Sunday, February 07, 2010

On the Police Demotion Issue

Comments are still coming in on the blog post about one police captain who is not going to take a demotion for budget reasons. Click here for that post.

I spent some time looking up news stories about demotions. Historically, they are given for infractions and the word itself has a negative connotation. I came across one story where a deputy police chief, the son of a chief, committed suicide when given a demotion for budgetary reasons. Another story described a posthumous promotion which doubled the salary and increased family benefits for a rookie cop who died after being mistakenly shot by a fellow officer.

The importance of rank attained in law enforcement is indisputable. Some officers choose to serve faithfully until retirement without seeking higher rank, but those who take the tests and achieve successive titles deserve all possible respect. The Plainfield Area Ebony Police Association made support of those seeking higher rank one of its goals over the years and members proudly celebrated as promotions took place.

A commenter points out that the proposed demotions will leave no African-Americans at the captain level. Captains were already shut out of the possibility of become police chief, when the title was abolished in 2008.

Budget amendments are expected to be revealed next week. If demotions are part of cutting expenses, how and when will those demoted get their titles back? It may be legal to demote public safety staff to save money, but what is being lost in the process?

No City Council agendas were available Saturday online or at the library, which was closed due to the snowstorm. The regular meeting is 8 p.m. Monday in Municipal Court, 325 Watchung Ave. The exact timetable for introduction of amendments and a hearing on the amendments is not known at this time.

--Bernice Paglia


Anonymous Tony said...

Bernice that is very good point on how demotions can affect someone who took the time and energy to pass the test and perform at a high level. As a retired Army officer, I can really apprecitate how it can affect morale up and down the chain of command. In the military we only demote people who don't perform and we promote people who do perfom. Without that distinction what is the insensitive to perform and gives you more insentive not to put an extra effort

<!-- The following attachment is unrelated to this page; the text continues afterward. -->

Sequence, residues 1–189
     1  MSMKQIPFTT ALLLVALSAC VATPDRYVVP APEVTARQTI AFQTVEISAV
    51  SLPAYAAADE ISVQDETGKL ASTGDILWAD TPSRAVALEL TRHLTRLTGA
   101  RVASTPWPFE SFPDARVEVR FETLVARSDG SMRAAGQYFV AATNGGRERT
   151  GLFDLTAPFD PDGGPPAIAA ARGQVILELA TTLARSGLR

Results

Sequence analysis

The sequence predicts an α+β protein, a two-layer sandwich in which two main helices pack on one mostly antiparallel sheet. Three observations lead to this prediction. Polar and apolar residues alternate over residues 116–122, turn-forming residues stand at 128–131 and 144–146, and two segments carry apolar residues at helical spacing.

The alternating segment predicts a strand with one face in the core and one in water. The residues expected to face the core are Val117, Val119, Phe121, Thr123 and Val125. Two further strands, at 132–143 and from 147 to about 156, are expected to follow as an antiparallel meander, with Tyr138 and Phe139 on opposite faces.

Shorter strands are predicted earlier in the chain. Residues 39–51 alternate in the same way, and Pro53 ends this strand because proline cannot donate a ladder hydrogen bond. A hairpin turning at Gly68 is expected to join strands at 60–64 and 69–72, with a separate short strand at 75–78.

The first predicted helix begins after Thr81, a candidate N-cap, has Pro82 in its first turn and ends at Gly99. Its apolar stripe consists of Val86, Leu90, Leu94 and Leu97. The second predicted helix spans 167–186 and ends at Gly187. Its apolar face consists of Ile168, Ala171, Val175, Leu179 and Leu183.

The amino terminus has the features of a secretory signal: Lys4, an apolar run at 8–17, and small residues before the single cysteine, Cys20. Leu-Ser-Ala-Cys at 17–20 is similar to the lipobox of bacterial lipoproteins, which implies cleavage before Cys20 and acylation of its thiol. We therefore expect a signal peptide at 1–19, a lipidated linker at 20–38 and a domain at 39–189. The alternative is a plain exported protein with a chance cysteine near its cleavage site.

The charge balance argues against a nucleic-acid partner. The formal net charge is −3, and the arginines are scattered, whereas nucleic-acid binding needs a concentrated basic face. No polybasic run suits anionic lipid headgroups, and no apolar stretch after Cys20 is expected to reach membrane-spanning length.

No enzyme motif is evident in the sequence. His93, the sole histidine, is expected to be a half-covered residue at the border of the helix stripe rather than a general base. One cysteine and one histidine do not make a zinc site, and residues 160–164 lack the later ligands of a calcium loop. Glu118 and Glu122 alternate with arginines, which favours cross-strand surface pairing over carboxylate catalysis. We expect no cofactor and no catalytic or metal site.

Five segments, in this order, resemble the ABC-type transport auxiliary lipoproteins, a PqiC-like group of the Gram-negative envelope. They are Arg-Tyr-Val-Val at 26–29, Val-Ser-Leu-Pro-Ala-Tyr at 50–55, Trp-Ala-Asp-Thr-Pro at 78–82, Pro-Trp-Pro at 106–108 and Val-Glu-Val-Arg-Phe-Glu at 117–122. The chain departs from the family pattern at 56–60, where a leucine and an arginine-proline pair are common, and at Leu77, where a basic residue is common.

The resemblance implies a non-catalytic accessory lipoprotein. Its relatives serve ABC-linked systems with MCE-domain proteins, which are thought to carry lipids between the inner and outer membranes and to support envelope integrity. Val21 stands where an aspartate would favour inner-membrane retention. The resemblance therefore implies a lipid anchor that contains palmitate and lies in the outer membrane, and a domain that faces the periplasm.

12:11 PM  
Anonymous Anonymous said...

Bernice, I find this another example of how different government and non-government businesses are run. And why people in each area find it hard to relate to the other.

In corporate America, people are constantly being "demoted" if not downright fired. They accept ait and move on. I am constantly amazed at the difference in work ethic between the public and private sector.

Maybe because of the economic hardship, the government sector is experiencing what has been going on in corporate all along. It's not pretty, and not preferable, but no one should be "guaranteed" a job, position or salary. That guarantee is the starkest difference that I see.

5:16 PM  
Anonymous Anonymous said...

"They accept it and move on".

In Corporate America, there is no "choice" but to do so. Many of the workers cannot transition nowhere near as easily and are not trained for anything else.

6:18 AM  
Anonymous Anonymous said...

To 6:18am - What are you talking about? It sounds as if you are saying that government workers are not as smart as corporate workers. Where do you get your info and what do you have to back it? Admins are admins, no matter where you work. Marketing is marketing no matter where you work. I do not understand your logic, unless you are talking about motivation and drive.

12:44 PM  
Anonymous Anonymous said...

So are you saying that government workers have no choice in what they do? I don't get it.

12:51 PM  

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